· The saint of the month ·
After a childhood complicated by a long battle with her step-mother, Margaret of Cortona fell in love with Arsenio Dal Monte, a young nobleman from Cortona, and he with her. They had a child but since the couple never married, the comfortable lifestyle to which Margaret had become accustomed came to a sudden end on the day he was killed during a hunt.
This episode marked the beginning of Margaret’s conversion. Despised by all and accused of witchcraft, she returned to her father’s house but was harshly rejected. Having settled in Cortona in the home of two generous women who introduced her to the Friars Minor of the Convent of San Francesco, she was permitted to practise the Rule of the Third Order of St Francis and to live an eremitic lifestyle in a cell not far from the Convent. Here she remained for 13 years in continuous prayer and penance and supported by ecstasies and revelations from Christ. Her intense contemplative life did not prevent her from devoting herself to the neediest people and to the sick, to such an extent that her commitment contributed to the construction of the Hospital of Santa Maria Misericordia.
In 1288 Margaret moved to an even colder, narrower and more isolated cell on the rock of Cortona, located close to a church dedicated to Sts Basil, Egidio and Catherine which she herself had had built: thus she removed herself from the spiritual direction of the Franciscans, entrusting herself to a priest, Ser Badia Venturi, who was to guide her until her death in 1297.
Much has been written about Margaret of Cortona but the characteristics of this most personal and original saint are to be sought in the Legenda written by her confessor, Fra Giunta Bevignati. Having said this, the account is not a historical work in the strict sense. The purpose is not only to tell of a life for the edification of the faithful but also to portray Margaret as a model who may be actualized and lived in the reader’s own day – a journey of knowledge and awareness.
The idea according to which remorse and love experience a progressive graduation is not new in the history of spirituality: Augustine and Bernard of Clairvaux had already addressed this subject. Fra Giunta passes it on to us, identifying three important levels on Margaret’s journey of asceticism.
On the first level, disaffection too long ignored opened her eyes and had a revelatory function: to enable the soul to intuit the discord of sin, understood as an offence to God. The insignificance of the present time and of not belonging caused such a wound within her that it forced her to accept suffering. Love reflected an unknown light on her life, enabling her to intuit that sin is a disvalue, since it is very distant from God.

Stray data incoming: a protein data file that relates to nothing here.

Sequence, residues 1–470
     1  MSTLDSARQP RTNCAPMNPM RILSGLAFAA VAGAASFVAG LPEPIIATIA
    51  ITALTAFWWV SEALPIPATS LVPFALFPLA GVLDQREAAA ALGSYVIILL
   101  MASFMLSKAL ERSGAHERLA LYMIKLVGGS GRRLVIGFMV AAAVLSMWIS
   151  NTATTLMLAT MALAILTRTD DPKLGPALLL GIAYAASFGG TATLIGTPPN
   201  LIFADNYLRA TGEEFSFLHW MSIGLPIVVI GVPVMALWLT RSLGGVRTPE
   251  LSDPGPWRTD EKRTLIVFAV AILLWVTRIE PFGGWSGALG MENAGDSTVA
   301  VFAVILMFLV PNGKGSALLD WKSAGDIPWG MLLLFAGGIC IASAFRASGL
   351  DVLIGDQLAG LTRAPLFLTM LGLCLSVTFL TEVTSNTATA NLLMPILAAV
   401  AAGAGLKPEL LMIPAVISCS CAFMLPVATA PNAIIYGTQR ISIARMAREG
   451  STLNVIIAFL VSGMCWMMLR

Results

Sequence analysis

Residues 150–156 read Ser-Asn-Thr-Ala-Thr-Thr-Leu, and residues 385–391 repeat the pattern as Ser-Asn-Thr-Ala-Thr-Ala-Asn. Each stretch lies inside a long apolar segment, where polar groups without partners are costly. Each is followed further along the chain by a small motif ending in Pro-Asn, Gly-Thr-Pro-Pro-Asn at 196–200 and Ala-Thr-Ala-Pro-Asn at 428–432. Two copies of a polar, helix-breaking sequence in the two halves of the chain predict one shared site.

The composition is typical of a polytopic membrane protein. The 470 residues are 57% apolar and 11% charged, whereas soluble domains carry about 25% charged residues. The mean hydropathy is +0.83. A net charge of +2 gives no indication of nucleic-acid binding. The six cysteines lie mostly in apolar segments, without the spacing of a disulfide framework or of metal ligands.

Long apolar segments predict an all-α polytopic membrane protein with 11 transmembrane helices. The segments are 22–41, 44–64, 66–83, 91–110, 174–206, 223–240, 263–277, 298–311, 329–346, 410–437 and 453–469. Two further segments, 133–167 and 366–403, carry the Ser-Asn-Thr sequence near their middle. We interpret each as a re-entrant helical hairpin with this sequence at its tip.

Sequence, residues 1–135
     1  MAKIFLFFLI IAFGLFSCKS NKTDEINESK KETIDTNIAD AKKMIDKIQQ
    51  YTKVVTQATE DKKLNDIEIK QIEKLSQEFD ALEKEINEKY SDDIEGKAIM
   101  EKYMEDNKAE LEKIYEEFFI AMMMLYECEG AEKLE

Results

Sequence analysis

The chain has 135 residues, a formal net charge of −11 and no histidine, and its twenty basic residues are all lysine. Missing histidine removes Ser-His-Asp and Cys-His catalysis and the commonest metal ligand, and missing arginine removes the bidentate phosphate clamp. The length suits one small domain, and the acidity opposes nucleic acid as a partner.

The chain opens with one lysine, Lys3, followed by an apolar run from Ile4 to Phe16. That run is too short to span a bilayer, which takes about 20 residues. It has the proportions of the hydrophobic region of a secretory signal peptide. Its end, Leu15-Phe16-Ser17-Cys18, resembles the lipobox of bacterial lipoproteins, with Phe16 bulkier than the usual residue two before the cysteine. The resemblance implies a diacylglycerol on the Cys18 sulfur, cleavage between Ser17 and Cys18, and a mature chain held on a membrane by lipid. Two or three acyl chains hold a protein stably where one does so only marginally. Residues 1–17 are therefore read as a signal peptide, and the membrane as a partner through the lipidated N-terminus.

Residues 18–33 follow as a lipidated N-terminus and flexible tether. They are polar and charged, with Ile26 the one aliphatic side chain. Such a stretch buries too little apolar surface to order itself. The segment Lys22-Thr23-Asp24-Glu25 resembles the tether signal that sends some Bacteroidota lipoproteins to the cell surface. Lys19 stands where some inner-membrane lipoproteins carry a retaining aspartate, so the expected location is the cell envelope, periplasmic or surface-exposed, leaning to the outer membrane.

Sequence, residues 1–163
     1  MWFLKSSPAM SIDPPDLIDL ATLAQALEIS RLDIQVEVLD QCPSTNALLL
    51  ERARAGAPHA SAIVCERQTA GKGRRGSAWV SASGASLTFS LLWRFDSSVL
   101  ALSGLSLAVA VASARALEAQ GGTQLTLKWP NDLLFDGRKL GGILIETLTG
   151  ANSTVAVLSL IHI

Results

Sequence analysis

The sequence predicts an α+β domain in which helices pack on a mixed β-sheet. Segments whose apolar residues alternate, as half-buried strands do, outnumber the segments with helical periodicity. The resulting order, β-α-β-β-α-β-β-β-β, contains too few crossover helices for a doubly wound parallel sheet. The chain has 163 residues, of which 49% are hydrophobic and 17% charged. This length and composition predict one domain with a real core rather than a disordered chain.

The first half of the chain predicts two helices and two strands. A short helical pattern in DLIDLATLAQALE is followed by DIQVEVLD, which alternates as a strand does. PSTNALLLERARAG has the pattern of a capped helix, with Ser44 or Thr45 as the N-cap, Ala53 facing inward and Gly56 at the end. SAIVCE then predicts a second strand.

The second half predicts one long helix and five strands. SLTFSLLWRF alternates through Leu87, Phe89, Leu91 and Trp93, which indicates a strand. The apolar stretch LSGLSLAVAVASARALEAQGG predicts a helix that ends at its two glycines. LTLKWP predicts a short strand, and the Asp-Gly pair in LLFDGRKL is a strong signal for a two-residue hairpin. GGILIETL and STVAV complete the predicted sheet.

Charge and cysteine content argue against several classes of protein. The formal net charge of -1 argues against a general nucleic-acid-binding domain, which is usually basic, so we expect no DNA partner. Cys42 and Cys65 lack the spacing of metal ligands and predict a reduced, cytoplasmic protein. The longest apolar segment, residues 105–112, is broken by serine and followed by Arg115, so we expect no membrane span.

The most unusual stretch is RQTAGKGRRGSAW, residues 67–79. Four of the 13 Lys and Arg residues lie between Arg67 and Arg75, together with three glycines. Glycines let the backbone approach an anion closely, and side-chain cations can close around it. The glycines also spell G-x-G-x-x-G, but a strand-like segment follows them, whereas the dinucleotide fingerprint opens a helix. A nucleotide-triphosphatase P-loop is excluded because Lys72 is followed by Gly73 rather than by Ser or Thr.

The second level is characterized instead by a typical expression which refers to an important mystical experience: compassio sui, indulgence for the soul itself. The suffering that descended upon her was a leaven that served as a disaggregating factor and her soul found itself to be poverty-stricken and destitute, deprived in a melancholy manner of any lasting good. Jesus said to her: “Without me you can do nothing”. This was one way of saying that only after experiencing the illusion and precariousness of every human project, he is the sole source of redemption.
The third level was that which an angel calls an impulsive craving and which vertically exalts the mind, understood not as intellect but rather as the superior part of the soul. And since desire is never satisfied, Margaret continued to seek until all things exploded in total communion with God.
Margaret’s torments rotate around the central role of afflicted humanity, typical of the spirituality of the late Middle Ages. Furthermore, she lived her spiritual experience in the environment of Franciscanism, a direct legacy of the Saint of Assisi, for the poor, humiliated and offended Christ. It was a dynamic meditation in which Margaret had a precise task on behalf of the citizens of Cortona: to make herself a mirror for sinners and for the unfaithful so that they might understand that a divine and saving mercy exists. In her, all must see Calvary clearly. Called to play a role in recalling her city to reconciliation and peace, she saw the small town as the place and opportunity for experiencing the suffering of the Crucified Christ. And therefore wandering and proclaiming that torture became a need for Margaret.
Through the events of her life, most human but imbued with the divine, what is proposed for the imitation of the faithful is not only an ecstatic experience but rather the possibility of finding in Christ the barycentre for bearing life’s sufferings and many adversities gently.
Her life is the best example of how, choosing the most difficult path and letting wounds take their natural course, aware and patient, we may at last succeed in fully intuiting God’s love. Like a backwash which sweeps away all detritus on the returning wave.
Gaia de Beaumont
Gaia de Beaumont
A Roman of aristocratic origins, she has written various novels, both linked to events in her family and inspired by figures of the American intellectual world of the 1930s. Among her books are: Care cose (1997), La bambinona (2001), I bambini beneducati (2016).
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